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Bite Size - Session Intensity Versus Output, Whats The Difference?

Following on from a conversation with one of my athletes I thought I would clarify the differences between the two.

We all love numbers, me more than most as any of my athletes will tell you, but that only tells half the story. Monitoring your training intensity and workload is an art form and we have lots of toys which can help us to achieve it successfully. A lot of athletes have GPS devices, HR monitors, power meters bike or run etc. So, what's the best toy to use and how should it be used to gain the most benefit?

Intensity and Output

Let's just clarify how exercise intensity differs to exercise output. Intensity is simply how hard your body is working. You can measure intensity by checking your heart rate, your breathing rate and perhaps the most reliable gauge, Rate of perceived effort (RPE). RPE is a fancy way to say 'how hard does it feel'?

Output is the speed or power generated as a result of your exercise intensity. For example, you might feel as though you're working really hard and your heart rate may be close to maximum (your intensity is high). A quick glance at your fancy watch tells you your running speed is 6 minutes per mile (that's your output). Alternatively, you might head out for a cycle ride and your heart rate might be mid 'zone 2' and you're feeling comfortable (your intensity moderate) and your cycle power meter shows 190 watts (that's you output).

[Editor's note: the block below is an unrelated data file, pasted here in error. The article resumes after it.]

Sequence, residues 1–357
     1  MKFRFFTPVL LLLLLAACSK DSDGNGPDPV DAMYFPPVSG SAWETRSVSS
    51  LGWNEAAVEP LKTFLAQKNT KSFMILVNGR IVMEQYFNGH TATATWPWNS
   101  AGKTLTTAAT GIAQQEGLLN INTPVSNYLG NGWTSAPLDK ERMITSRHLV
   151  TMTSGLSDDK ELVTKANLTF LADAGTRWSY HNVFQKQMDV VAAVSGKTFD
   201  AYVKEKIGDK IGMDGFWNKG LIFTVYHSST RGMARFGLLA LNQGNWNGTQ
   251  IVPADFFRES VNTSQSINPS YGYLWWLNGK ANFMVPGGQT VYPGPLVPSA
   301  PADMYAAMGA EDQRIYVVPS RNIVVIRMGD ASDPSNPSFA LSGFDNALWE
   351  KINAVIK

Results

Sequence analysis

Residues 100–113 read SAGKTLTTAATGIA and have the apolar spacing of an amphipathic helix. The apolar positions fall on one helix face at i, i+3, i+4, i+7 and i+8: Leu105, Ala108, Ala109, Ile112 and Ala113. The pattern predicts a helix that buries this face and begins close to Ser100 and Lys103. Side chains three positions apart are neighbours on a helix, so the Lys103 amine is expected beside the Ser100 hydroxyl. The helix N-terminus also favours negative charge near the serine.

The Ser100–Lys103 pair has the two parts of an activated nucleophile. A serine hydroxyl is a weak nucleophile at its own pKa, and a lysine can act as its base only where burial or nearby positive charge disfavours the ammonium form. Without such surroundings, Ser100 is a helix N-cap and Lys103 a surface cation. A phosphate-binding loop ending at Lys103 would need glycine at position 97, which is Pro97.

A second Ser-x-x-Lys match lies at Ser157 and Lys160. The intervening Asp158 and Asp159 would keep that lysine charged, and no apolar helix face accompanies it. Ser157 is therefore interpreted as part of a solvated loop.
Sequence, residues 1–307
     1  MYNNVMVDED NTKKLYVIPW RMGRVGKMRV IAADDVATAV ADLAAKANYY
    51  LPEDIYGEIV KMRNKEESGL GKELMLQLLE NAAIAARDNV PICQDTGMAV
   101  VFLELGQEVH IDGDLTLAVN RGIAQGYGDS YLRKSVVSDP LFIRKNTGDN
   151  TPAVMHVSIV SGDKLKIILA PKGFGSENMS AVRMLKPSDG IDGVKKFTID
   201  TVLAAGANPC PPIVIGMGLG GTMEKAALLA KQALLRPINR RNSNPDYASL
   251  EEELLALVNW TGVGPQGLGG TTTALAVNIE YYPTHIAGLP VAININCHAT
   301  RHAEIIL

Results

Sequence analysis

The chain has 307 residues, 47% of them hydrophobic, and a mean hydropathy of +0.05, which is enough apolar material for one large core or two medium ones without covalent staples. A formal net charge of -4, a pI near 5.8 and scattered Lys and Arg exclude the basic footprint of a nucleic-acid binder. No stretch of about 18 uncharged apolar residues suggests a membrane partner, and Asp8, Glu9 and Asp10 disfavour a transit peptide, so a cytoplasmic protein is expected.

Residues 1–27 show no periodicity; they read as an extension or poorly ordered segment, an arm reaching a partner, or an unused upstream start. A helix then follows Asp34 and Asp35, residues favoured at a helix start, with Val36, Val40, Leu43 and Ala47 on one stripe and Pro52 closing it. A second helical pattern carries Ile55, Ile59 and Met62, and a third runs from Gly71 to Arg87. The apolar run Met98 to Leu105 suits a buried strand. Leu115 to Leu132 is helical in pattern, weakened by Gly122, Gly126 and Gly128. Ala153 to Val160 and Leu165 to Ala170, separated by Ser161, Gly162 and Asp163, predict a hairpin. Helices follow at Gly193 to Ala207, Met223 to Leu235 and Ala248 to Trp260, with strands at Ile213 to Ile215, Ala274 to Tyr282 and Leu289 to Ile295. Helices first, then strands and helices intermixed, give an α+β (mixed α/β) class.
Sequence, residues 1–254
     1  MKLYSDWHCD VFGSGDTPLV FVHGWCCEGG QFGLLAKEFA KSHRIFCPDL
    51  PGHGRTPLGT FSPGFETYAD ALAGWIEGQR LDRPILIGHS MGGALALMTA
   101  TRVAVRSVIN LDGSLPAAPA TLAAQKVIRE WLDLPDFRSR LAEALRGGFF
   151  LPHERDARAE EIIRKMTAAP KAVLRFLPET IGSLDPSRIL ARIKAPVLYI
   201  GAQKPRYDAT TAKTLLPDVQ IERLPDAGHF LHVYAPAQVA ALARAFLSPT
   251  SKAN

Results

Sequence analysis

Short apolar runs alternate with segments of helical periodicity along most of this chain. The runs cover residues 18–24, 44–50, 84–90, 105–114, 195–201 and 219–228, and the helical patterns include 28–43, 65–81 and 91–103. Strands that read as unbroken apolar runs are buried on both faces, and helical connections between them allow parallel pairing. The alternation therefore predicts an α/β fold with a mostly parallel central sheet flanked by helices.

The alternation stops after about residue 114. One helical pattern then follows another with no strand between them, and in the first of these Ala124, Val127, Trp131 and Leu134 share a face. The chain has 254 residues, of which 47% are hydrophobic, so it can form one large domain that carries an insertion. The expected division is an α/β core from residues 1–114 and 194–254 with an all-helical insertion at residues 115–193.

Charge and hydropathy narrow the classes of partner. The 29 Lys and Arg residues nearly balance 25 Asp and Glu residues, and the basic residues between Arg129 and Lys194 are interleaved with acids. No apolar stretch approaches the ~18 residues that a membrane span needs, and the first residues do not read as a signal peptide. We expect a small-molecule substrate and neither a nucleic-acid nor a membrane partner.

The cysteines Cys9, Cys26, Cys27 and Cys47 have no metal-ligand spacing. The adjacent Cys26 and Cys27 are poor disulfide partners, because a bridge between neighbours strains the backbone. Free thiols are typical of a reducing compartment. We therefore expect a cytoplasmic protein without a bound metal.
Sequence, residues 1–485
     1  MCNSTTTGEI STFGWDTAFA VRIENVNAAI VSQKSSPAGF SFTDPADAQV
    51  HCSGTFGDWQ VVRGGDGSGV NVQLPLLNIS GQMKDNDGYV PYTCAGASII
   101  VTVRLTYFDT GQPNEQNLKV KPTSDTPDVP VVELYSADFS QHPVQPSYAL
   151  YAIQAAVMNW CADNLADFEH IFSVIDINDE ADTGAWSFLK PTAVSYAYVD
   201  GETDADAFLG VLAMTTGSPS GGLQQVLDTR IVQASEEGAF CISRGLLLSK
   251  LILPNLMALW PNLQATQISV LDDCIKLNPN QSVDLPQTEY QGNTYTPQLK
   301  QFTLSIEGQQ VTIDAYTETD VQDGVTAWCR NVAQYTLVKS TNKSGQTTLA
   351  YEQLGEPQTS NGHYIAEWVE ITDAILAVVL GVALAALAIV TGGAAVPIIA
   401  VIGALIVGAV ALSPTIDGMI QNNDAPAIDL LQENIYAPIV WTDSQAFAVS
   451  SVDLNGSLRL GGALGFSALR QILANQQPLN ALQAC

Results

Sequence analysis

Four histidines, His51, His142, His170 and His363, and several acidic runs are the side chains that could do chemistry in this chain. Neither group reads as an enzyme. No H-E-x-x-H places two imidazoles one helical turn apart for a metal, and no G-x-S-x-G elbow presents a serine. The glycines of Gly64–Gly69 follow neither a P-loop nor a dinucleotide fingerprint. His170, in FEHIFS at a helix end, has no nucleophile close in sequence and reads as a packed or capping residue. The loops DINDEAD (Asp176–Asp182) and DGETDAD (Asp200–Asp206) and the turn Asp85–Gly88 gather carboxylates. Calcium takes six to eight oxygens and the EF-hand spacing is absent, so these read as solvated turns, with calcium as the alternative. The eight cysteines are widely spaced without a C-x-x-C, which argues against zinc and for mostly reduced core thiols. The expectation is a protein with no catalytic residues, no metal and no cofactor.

They are the same, aren’t they?

No. People use heart rate, speed and power to gauge their training, but they are not the same. By choosing one or the other, you're choosing either 'intensity' or 'output' to guide your training.

Example 1:

You go to the running track to run 6 X 800m, but due to a hard week of training, you don't feel great. Nevertheless, you crack on and push your HR up to the planned level for that session. You feel as though you're working hard, and your heart rate is where it should be, but your split times are slower than normal.

So, If your HR is at the correct level, but your pace per 800m is slower than normal, are your running at the right intensity?

Example 2:

You travel abroad for a training camp and find yourself training at altitude. Whilst completing a training ride your HR reaches the correct level and it certainly feels like you're working as hard as you normally do. However, due to the altitude, your power output (watts) is lower than normal. There are also technical reasons why the meter will show a lower reading but the principle still applies.

So, If your heart rate is at the correct level and it feels like you're working at the correct level, but your power output is lower, are you cycling at the correct intensity?

To be fair, scenario 1 is more likely, as not many of us jet set to altitude on a weekly basis, but I'm sure you see what I’m saying. Sometimes, your intensity can be high (heart rate, breathing and perceived effort), but power and speed are lower. Irrelevant of whether power and speed are lower, the truth is, if it feels hard, then it probably is hard.... you're training at the correct intensity.